Commentary: Can the President refrain from behaving like a spoiled child?

Commentary: Can the President refrain from behaving like a spoiled child?
September 28
01:00 2017

By Frederick Adams

In one week, Donald Trump threatened to “totally destroy” North Korea, rescinded the Golden State’s Warriors’ White House invitation, and referred to peacefully protesting NFL players as “sons of bitches” that need to be “fired.” That happened in one week. Actually, it was more like five days.

These actions compel us to ask questions with obvious answers.  Is it too burdensome to ask the President of the United States to refrain from behaving like a spoiled child for one week?  Why do we demand better behavior from kids who melt down on airplanes and throw temper tantrums in toy stores than we demand from a grown man who was elected to lead our country?  

During Trump’s campaign, we saw substantial evidence for the potential of this type of senseless and reckless behavior.  Eight months into his presidency, that potential is reality, and we have officially eclipsed a threshold, where even the President’s most ardent supporters cannot continue defending him, without simultaneously sacrificing their own credibility and rebuttable presumption afforded to most adults as being reasonable and fair-minded people.

Therefore, we are compelled to consider when we have ever demanded so little or invited such baseline standards from a President.  Remember when President Obama wasn’t “presidential” because he wore a tan suit? Or not “presidential” when he filled out a March Madness bracket?  Or not “presidential” because he played golf?  That type of criticism exemplifies the extreme level of pettiness to which we were subjected during the Obama administration.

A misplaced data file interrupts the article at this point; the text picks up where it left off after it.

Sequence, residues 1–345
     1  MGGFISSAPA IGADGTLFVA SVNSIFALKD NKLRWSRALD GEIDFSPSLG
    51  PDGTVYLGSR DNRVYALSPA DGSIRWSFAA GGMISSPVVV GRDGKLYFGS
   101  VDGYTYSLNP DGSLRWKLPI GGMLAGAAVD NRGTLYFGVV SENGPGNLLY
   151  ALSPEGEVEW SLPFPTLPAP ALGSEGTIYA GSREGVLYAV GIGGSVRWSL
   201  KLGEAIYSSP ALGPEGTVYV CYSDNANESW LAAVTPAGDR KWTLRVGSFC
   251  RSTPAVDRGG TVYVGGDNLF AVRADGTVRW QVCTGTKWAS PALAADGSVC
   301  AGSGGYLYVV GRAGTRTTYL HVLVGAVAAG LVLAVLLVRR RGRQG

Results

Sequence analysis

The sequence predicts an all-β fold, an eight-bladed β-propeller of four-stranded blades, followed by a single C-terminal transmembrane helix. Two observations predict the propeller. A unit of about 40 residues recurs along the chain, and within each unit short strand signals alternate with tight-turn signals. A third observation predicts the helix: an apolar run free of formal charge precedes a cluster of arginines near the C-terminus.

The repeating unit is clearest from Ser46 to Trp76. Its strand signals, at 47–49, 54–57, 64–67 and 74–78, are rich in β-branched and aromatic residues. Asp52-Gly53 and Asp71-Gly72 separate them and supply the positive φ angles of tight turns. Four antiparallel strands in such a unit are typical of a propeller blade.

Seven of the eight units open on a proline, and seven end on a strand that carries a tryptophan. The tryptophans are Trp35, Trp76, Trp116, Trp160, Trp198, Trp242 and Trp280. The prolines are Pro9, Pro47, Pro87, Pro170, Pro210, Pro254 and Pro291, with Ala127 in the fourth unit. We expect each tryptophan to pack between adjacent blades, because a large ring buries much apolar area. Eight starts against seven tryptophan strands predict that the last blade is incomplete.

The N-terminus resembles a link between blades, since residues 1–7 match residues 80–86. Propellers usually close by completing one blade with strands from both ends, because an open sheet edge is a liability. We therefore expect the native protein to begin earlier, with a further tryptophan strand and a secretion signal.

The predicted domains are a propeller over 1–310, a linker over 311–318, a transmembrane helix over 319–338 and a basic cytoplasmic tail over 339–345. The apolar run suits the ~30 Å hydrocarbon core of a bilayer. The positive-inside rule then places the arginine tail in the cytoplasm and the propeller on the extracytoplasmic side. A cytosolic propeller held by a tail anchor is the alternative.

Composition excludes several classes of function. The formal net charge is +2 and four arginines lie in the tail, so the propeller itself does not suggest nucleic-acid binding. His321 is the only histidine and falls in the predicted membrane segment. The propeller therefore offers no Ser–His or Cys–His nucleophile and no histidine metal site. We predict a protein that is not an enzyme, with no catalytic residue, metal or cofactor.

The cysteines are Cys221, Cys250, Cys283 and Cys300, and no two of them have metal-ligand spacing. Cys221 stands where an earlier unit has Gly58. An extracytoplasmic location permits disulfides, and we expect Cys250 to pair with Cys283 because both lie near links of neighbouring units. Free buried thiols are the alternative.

However, this past election cycle seemingly created new rules and astonishing double standards.  Suddenly, presidential criticism appears to be prohibited, and if that criticism persists, it is confronted with hateful rhetoric and unprecedented backlash.  

Critics of Trump are routinely and unfairly stigmatized as being unable or unwilling to accept the election results or accused of possessing some secret agenda for him to fail.  Reporters who merely highlight Trump’s inconsistencies, discrepancies or outright lies are broadly painted as peddlers of “fake news.”   

Truly, we are living in precarious times that require deep self-analysis.  Should we be less critical to convince people of our patriotism or to avoid the vitriol that flows from voicing displeasure with this President?  Are we committed enough to oppose Trump’s actions, which we perceive to be racist, sexist, or disrespectful to the poor and underprivileged citizens of this country?  Then, we must determine how we can move forward with someone who seems incapable of embracing the reality and necessity of presidential responsibility – he represents everyone who lives in America, even those who disagree with him or didn’t vote for him.  

It’s overdue for all of us, especially Trump’s supporters, to demand more and better from him.  We must decide which course of action we will take because the most telling measure of a person who claims to love America is not whether we stand for the national anthem, but the degree to which we will go to improve the lives of all who live here.    

Frederick Adams II is an attorney in Winston-Salem.

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